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Yeah, I don't like playing cross-court approaches, but it gives me a lot more margin for error. Most of the time with those shots I'll put it really deep and with a lot of top spin so it kicks up and makes it really difficult to pass. Most of the time I'll get them to either stab at it or play a weak lob which I can put away. It's not the ideal way to approach, but unless I've got a forehand down the line on the ad court, or a backhand down the line on the deuce court, I'm less inclined to hit the ball down the line. As you can probably tell, my biggest issue on court is lack of confidence in some of my shots. When I open up my shoulders and relax I tend to be difficult to beat, I just have to work on doing that more consistently.

I feel the same way about how players own the net, it's like a foreign language to me. I can hit volleys fine, but in a match scenario I just feel lost at the net and find myself constantly being lobbed or passed despite not being short, which is why I tend to avoid it.
In a rally situation, I play a little like Tomic, a little like Tsonga and a little like Rafa. Tomic in that I love to use my court vision and ability to read the play to make sure my opponent doesn't get into a rhythm, Tsonga in that I love to step around the ball and dictate with my forehand, and Rafa in that I'll grind people down with heavy top spin.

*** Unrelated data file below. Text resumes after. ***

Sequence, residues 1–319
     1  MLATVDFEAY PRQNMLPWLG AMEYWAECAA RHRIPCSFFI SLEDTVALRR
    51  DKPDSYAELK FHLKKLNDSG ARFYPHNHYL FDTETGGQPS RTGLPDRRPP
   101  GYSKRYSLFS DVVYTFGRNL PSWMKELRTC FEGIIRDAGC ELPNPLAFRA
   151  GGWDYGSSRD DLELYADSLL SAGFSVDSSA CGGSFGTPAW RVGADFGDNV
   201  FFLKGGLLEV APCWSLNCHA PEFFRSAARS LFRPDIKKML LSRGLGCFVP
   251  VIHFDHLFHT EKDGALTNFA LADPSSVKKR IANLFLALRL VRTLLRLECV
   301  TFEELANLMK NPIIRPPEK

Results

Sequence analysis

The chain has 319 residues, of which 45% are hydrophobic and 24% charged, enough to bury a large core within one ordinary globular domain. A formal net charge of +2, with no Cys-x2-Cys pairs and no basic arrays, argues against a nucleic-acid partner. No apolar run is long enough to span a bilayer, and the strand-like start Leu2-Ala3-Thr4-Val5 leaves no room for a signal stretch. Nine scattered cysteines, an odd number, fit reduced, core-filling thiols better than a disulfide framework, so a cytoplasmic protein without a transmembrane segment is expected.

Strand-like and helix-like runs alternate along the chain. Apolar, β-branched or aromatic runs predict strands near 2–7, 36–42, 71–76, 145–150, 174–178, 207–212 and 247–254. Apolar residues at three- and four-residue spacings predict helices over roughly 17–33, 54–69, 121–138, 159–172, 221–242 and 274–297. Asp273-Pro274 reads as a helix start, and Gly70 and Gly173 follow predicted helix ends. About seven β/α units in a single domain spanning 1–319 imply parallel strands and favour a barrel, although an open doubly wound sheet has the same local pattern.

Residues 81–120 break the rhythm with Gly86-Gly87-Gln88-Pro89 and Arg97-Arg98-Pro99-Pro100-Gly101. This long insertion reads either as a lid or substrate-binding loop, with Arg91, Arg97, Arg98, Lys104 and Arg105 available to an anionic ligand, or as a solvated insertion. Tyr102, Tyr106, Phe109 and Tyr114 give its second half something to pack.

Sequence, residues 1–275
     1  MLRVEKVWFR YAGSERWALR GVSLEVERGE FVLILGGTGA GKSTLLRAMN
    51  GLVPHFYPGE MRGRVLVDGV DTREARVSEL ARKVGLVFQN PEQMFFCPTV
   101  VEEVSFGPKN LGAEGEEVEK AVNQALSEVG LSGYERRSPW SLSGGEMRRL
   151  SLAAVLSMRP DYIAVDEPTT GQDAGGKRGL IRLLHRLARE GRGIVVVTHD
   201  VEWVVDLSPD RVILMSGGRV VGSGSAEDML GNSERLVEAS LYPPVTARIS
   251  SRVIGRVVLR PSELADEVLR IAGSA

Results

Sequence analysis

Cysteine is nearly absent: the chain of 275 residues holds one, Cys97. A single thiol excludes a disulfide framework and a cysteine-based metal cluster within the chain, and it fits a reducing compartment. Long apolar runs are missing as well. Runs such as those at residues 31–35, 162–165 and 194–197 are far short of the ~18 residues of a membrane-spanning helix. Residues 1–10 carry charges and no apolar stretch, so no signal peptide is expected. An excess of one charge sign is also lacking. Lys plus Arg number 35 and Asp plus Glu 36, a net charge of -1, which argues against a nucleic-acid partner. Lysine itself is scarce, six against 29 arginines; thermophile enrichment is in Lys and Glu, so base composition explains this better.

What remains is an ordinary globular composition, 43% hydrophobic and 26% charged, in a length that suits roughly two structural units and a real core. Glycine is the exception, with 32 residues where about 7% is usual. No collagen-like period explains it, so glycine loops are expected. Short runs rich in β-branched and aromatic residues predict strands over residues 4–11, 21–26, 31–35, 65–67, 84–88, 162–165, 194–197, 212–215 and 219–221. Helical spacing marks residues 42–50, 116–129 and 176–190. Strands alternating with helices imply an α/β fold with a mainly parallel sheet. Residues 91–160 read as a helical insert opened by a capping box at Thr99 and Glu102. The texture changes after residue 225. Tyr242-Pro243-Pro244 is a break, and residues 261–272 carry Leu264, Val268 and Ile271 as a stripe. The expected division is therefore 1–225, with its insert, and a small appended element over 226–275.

My go-to strategy is always to step around the ball, hit a deep off-forehand and then either a cross-court forehand or a drop shot depending on how deep they've been pushed. The drop shot is probably my favourite as I can hit them really well from the baseline. People don't expect a drop shot to come from the back corner of the court. :p
How about you?
 

Caesar

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It sort of depends. During the warmup I will feel them out. To work out which side they favour I'll hit balls straight at them and see which way they try and run around them. Then I will hit a couple of low slices to each side, see what their knee bend is like. Then a couple of high bouncing ones, see whether they like them or if they drag them down into the net. That sort of determines which types of shots I will favour.

Then I will play a few common strategies. Serving: About 60% of my serves will go to their weak wing, probably 25% into their body, and the other 15% will intermittantly go to their strong side as a changeup to stop them cheating across. I go to the net pretty much 100% of the time on my first serve, and half the time on my second serve.

Groundstroking: If they are a right hander with a weaker backhand I will try and get them in a FH to BH rally as often as possible, and wait for them to either error out or go DTL to my BH. If their shot to my BH drops short, then it's a quick slice back DTL and get to the net. If it's too good, I will usually float a slice crosscourt. My BH is okay so I can hang into a BH-to-FH rally for a little while - usually lots of junking up the pace/bounce, because most people play a topspin heavy FH and they hate variable stuff that stops them getting into a rhythm. But I am always looking for an opportunity to either get to the net or get back onto my FH, because if I stay too long on that side I will always lose. I will often go for an inappropriate BH winner if I feel too tied down on that side.